A battle of magicians opens the journey; Cyril (Chris Pruitt) as chief phantasm takes on Jenris (Jeremy Wood) and soon dancers are appearing and disappearing in a large foot locker that can’t POSSIBLY be rigged. After all, a girl taps it to make sure. We then dive into a sea of scary tales including “The Black Cat “and “The Tale of Father Frost” and even the perennial “Sleepy Hollow” to fill the night. This show’s puppets start out simple with a sparkling Father Frost and end with a one man rig representing an ominous Grendel from “Beowulf.” It’s not as big or complex as previous puppets, but it’s just as effective. The dance numbers are highlighted with Mila Markova and her daughter Gina on the rings; Mila also did a great job on some red silks hanging from the ceiling.

After the main event three was an abridged “VIP” session outside. Here we experienced belly dancing, a cello solo, sword swallowing, fire dancing and free wine. I’m happy to report no one was injured with this dangerous mix, but it reminds us that story telling will never die. They just have to lay dormant ever so often, long enough for new ones to spawn.

For more information please visit or

Sherlock in Love

Sunday, October 11th, 2015

Sherlock in Love
Book, Music and Lyrics by Tony MaCaulay
Directed by Dr. Anastacia Hawkins-Smith
Choreographed by Pamela Larson
Musical Direction and Conduction by Daniel Klintworth
Starring Jason Reichman, Bryan Snyder and Kari Ryan Furr
The Historic Cocoa Village Playhouse, Cocoa Beach, FL

If you’re looking for a big time, big budget musical, this is your extravaganza. The Cocoa Village Playhouse is a brilliantly restored 1924 movie palace complete with a purple velvet proscenium curtain, a real fly loft, an orchestra pit and crystal chandeliers. The show presented was equally as grand in scope and intention; the cast of 57 (including dancers) looked animated and polished, and the story… Well, this is a premier of a new musical, and it might need a few nips and tucks to get the run time down and reframe some story glitches.

Today Sherlock Holmes is essentially in the public domain, so liberties may be taken and no permissions from the Doyle estate need be asked. We meet Mr. Holmes (Reichman) and his side kick Watson (Snyder); they of course fight crime as a rich man’s hobby. Watson is about to get married, and while Holmes over-protests his absence won’t be missed, one guesses otherwise. Holmes is generally uninterested in women but might consider chanteuse Nell Valentine (Furr). She seems interested in him as well; they flirt and preen but not with any real convincing steam heat. By intermission they make a pretty couple but if they didn’t get together, each would do just fine. Their relation isn’t really what makes this a must-see; that job falls to Holmes’ pursuit of Max Gregorian (Rick Roach). Max has blood on his hands and enough dirt to blackmail the royal family and he’s the guy that gets the best lighting, the best lines, and the best knives. While Reichman is technically proficient; it’s Roach that puts fire into this tale.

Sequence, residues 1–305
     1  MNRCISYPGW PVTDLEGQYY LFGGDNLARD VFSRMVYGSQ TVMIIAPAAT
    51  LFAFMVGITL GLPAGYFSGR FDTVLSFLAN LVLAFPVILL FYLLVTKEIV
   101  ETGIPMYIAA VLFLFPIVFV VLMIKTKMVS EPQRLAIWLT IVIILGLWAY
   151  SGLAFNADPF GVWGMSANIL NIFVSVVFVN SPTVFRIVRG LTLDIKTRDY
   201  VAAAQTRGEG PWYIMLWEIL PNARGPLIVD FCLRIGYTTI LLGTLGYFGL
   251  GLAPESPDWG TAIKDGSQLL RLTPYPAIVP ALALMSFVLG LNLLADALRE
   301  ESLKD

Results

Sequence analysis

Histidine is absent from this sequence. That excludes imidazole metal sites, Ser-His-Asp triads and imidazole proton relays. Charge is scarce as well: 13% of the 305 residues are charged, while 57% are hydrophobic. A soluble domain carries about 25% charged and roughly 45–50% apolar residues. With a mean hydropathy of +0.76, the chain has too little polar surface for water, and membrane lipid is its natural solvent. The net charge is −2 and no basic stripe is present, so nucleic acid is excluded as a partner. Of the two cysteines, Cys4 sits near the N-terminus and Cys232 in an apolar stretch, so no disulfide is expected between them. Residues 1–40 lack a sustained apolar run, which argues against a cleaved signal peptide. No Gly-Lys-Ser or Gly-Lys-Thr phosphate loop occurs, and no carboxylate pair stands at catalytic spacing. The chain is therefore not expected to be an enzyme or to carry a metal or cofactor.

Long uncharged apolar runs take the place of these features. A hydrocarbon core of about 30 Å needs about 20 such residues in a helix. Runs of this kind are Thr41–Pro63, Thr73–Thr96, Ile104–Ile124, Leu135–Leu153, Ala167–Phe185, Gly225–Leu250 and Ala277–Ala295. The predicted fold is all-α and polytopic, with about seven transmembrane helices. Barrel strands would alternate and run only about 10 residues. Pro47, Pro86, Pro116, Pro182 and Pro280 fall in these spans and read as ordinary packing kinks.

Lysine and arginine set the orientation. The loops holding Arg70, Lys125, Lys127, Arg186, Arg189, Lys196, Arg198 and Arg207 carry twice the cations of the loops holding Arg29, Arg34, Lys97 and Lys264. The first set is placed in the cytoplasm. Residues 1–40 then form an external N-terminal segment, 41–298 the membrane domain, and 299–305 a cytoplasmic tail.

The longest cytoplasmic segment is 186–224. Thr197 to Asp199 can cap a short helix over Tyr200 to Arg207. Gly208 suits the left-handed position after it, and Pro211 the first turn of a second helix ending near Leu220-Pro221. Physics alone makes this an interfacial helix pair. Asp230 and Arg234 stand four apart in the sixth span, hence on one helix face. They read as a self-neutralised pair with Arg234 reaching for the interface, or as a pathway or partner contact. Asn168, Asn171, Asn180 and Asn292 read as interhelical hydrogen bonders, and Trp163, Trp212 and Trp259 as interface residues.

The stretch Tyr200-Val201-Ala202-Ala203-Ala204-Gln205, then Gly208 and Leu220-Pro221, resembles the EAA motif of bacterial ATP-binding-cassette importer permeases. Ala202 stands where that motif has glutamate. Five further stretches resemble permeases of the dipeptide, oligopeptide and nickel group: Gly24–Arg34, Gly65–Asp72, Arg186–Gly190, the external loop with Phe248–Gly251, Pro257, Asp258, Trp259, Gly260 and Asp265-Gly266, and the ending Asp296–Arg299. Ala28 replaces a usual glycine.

While act one is overly long, act two suffers from a collage-like collection of ideas. Holmes’ Opium addiction is mentioned but fails to be a significant plot point. Housekeeper Mrs. Hudson (Dorothy Wright) sings a song about Holmes and his eccentricities that belongs nearer the beginning. Most amazingly, only after Sherlock and Nell agree to a union, we discover a deep dark secret in her past; just before the final song which I regard as unfair to the audience. Midway through Act Two, Oscar Wilde (Dillon Giles) drops by to assist Homes. Wilde is a quicker wit, and Holmes carefully breaks the 4th wall to explain to him “That’s not how this works.” So, is this a Holmes parody, or a Holmes adaptation?

None of these faults are serious, they just show a script that not completely polished. There are several really great songs in “Sherlock”: “Jack the Ripper” and “I’ll Be a Lady Soon” are excellent, as is the charm song “Not Tonight, Josephine.” There are other colorful characters filling in the corners: James Spiva’s “Red” Brannigan was an excellent minor crime lord, and Sam Henderson has a minor role as the inexplicable politician Jack Craddock who belts “Great and Glorious Town.” This is a great and glorious show packed with spectacle but in need of some dusting and cleaning. With a little work is can go from goodness to greatness.

For more information please visit or